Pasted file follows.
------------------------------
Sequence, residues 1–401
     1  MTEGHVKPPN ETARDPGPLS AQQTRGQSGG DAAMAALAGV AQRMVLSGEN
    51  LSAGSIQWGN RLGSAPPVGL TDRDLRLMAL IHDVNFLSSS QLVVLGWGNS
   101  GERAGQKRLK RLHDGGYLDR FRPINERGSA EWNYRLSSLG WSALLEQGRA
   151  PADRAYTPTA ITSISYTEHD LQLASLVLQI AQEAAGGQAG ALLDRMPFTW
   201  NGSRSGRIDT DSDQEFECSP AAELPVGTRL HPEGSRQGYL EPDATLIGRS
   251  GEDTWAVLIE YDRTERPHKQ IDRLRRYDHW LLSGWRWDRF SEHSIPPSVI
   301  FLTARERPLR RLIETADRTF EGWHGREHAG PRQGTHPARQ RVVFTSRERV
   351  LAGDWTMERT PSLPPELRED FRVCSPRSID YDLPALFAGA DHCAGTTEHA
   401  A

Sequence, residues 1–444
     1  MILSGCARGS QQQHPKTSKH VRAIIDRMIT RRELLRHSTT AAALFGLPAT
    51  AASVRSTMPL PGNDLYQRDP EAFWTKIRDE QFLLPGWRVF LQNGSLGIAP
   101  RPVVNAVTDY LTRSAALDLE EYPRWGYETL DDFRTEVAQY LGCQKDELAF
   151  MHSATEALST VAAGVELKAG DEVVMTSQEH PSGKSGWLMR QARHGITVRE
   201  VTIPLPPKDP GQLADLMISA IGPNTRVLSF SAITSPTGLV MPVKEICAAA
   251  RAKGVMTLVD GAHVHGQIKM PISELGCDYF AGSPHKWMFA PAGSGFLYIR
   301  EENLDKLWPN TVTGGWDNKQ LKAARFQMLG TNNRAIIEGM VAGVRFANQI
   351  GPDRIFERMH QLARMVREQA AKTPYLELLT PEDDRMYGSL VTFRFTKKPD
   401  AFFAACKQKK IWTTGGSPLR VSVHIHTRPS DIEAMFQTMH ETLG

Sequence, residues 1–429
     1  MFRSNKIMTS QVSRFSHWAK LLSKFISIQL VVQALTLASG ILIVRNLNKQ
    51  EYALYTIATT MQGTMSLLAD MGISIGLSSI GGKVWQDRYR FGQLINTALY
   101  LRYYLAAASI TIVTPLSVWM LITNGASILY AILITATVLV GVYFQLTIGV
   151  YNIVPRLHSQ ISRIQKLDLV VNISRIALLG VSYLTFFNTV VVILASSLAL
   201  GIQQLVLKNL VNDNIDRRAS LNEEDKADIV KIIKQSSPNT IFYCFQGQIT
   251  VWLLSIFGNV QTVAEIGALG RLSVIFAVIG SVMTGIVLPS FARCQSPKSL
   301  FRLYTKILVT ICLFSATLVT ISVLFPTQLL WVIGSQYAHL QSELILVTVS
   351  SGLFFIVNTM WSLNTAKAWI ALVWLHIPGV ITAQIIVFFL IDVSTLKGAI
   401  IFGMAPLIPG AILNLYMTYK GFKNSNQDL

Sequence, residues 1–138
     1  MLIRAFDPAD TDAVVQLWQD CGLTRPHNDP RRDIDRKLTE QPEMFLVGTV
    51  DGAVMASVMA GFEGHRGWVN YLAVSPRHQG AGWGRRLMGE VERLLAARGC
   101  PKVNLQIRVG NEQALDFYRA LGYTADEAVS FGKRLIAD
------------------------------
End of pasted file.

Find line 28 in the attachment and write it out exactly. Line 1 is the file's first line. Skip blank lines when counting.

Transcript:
   301  FRLYTKILVT ICLFSATLVT ISVLFPTQLL WVIGSQYAHL QSELILVTVS